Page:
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The Malunggay Festival in Laoag exposes the Ilocanos’ secret to long life.

CITY OF LAOAG – On Sunday, some people here demonstrated their finished products made from the malunggay (moringa) plant as a superfood, revealing one of the Ilocanos’ secrets to longevity.

Malunggay, often seen as a poor man’s vegetable, takes center stage as Laoag’s high-value commercial crop during this year’s second malunggay festival, which promotes its numerous nutritional purposes.

The participants in a cooking competition held at the Laoag City gymnasium used malunggay leaves, flowers, and fruits as the main meal, snack, or dessert on the Ilocano table.

Simple malunggay recipes such as moringa jelly, malunggay balls with mushroom and garlic sauce, malunggay chips, malunggay graham, malunggay empanada, malunggay crepe dessert, and malunggay shanghai are among those shown at the Dulang food festival.

“It feels nice to know that there have been so many changes in Laoag lately,” Artemio Acoba, a Laoag resident, remarked on Saturday as he sampled the culinary fair’s sample dishes.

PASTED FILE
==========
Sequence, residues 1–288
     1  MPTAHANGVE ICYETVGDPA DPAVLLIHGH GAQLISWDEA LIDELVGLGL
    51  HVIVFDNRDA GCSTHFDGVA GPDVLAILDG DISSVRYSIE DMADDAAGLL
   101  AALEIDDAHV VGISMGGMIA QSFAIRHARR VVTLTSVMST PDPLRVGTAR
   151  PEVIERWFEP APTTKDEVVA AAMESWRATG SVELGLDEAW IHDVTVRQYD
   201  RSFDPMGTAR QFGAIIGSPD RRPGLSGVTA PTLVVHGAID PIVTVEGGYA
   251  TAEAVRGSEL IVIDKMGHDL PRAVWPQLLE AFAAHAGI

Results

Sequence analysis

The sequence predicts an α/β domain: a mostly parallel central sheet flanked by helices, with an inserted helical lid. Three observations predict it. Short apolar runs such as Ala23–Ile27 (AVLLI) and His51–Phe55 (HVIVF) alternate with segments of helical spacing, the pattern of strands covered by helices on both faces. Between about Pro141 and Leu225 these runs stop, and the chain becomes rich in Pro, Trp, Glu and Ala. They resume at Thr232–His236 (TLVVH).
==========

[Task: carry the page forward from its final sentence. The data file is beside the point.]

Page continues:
Acoba returned home in April after three years as an overseas Filipino worker on Africa’s Desroches Island.

The meals are all good, according to Acoba and other guests who visited the food market, and they can be offered to tourists as additional “must try” Laoag products.

The cooking festival, according to city agriculturist Sheila Marie Opelac, intends to promote malunggay as a superfood because of its nutritional qualities, which include calcium, potassium, zinc, magnesium, iron, and copper, as well as vitamins A to E.

Malunggay plantations are currently being expanded in all 80 barangays in Laoag, utilizing idle areas such as village lanes that have been planted with malunggay trees.

Malunggay has been a “highly valuable livelihood source” for the underprivileged community in the city alone.

Malunggay leaves are currently being converted into noodles, cookies, pretzels, pan de sal (salt bread), and beauty goods like soaps and lotions, thanks to the government’s different intervention programs to give livelihood training, including those on food processing.

Aside from processing, some are selling malunggay leaves for PHP15 each bunch, with the fruits fetching PHP75 per lot at the Laoag store.

Malunggay is being promoted by the Department of Agriculture around the country.

The Department of Education is also supporting the program by encouraging parents and schoolchildren to plant malunggay trees and learn about their nutritional and therapeutic benefits in order to combat malnutrition and other illnesses.

Even a growing number of centenarians in the city and province have admitted that eating malunggay every day has helped them live long lives.

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